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Outline of Universal History   By: (1827-1909)

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Designed as a Text book and for Private Reading


George Park Fisher, D.D., LL.D. Professor in Yale University

Inscribed by the author as a token of love and thankfulness to his daughter

C. R. F.


In writing this work I have endeavored to provide a text book suited to more advanced pupils. My idea of such a work was, that it should present the essential facts of history in due order, and in conformity to the best and latest researches; that it should point out clearly the connection of events and of successive eras with one another; that through the interest awakened by the natural, unforced view gained of this unity of history, and by such illustrative incidents as the brevity of the narrative would allow to be wrought into it, the dryness of a mere summary should be, as far as possible, relieved; and that, finally, being a book intended for pupils and readers of all classes, it should be free from sectarian partiality, and should limit itself to well established judgments and conclusions on all matters subject to party contention. Respecting one of the points just referred to, I can say that, in composing this work, I have myself been more than ever impressed with the unity of history , and affected by this great and deeply moving drama that is still advancing into a future that is hidden from view. I can not but hope that this feeling, spontaneous and vivid in my own mind, may communicate itself to the reader in his progress through these pages.

The most interesting object in the study of history is, to quote Dr. Arnold's words, "that which most nearly touches the inner life of civilized man, namely, the vicissitudes of institutions, social, political, and religious." But, as the same scholar adds, "a knowledge of the external is needed before we arrive at that which is within. We want to get a sort of frame for our picture....And thus we want to know clearly the geographical boundaries of different countries, and their external revolutions. This leads us in the first instance to geography and military history, even if our ultimate object lies beyond." Something more is aimed at in the present work than the construction of this "frame," without which, to be sure, a student wanders about "vaguely, like an ignorant man in an ill arranged museum." By the use of different sorts of type, it has been practicable to introduce a considerable amount of detail without breaking the main current of the narrative, or making it too long. By means of these additional passages, and by appending lists of books at the close of the several periods, the attempt has been made to aid younger students in carrying forward the study of history beyond the usual requirements of the class room. I make no apology for the sketches presented of the history of science, literature, art, and of moral and material decline or improvement. Professor Seeley, in his interesting book on The Expansion of England , is disposed to confine history to the civil community, and to the part of human well being which depends on that. "That a man in England," he tells us, "makes a scientific discovery or paints a picture, is not in itself an event in the history of England." But, of course, as this able writer himself remarks, "history may assume a larger or a narrower function;" and I am persuaded that to shut up history within so narrow bounds, is not expedient in a work designed in part to stimulate readers to wide and continued studies.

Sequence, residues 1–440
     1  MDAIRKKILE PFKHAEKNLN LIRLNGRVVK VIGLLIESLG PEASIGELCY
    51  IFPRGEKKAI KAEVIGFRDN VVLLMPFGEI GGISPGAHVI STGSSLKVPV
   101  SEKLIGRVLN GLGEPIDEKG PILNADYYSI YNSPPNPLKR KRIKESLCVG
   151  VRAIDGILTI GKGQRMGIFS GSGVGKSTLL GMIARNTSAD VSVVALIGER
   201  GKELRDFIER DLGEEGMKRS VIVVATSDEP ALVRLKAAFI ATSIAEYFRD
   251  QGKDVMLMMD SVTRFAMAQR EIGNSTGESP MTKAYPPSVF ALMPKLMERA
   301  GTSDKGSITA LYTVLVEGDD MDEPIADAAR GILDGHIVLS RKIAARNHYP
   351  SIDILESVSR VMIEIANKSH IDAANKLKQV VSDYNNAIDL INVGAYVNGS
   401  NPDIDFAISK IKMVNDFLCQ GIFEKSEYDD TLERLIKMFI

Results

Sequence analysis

One who has long been engaged in historical study and teaching, if he undertakes to prepare such a work as the present, has occasion to traverse certain periods where previous investigations have made him feel more or less at home. Elsewhere at least his course must be to collate authorities, follow such as he deems best entitled to credit, and, on points of uncertainty, satisfy himself by recurrence to the original sources of evidence. Among the numerous works from which I have derived assistance, the largest debt is due, especially in the ancient and mediƦval periods, to Weber's Lehrbuch der Weltgeschichte , which (in its nineteenth edition, 1883) contains 2328 large octavo pages of well digested matter... Continue reading book >>

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